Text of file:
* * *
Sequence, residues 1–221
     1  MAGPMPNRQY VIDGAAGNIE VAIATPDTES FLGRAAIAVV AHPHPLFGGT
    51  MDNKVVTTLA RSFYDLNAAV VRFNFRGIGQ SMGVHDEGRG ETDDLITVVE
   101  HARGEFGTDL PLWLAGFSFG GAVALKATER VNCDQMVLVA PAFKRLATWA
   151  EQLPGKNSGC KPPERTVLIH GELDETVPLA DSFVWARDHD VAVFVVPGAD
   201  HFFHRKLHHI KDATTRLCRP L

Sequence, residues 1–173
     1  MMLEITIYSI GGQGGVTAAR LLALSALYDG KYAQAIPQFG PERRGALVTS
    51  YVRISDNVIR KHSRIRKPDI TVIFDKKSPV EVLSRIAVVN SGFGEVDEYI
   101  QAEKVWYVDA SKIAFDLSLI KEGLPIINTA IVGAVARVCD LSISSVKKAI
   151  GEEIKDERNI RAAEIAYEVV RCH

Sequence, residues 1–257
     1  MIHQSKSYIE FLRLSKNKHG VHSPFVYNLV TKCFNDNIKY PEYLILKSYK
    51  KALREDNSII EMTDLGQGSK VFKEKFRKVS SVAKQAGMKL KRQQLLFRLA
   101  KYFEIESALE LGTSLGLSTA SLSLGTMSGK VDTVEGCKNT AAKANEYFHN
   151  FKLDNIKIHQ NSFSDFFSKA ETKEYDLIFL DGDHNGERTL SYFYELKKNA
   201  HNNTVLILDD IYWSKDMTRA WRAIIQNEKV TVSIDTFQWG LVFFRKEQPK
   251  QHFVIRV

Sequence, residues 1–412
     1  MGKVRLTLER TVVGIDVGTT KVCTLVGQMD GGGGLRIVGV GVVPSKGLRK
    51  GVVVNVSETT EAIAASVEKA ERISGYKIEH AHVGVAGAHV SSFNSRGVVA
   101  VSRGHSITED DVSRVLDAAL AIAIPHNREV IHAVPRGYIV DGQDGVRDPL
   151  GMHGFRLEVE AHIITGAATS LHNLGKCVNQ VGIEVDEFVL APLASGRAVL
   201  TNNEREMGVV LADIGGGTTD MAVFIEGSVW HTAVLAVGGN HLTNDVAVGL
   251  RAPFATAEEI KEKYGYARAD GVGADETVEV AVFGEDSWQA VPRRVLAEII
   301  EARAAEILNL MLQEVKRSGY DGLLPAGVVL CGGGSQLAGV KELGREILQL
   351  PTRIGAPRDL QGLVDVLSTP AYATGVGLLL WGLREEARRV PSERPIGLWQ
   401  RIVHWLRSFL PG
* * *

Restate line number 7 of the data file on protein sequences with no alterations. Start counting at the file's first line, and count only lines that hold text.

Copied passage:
Sequence, residues 1–173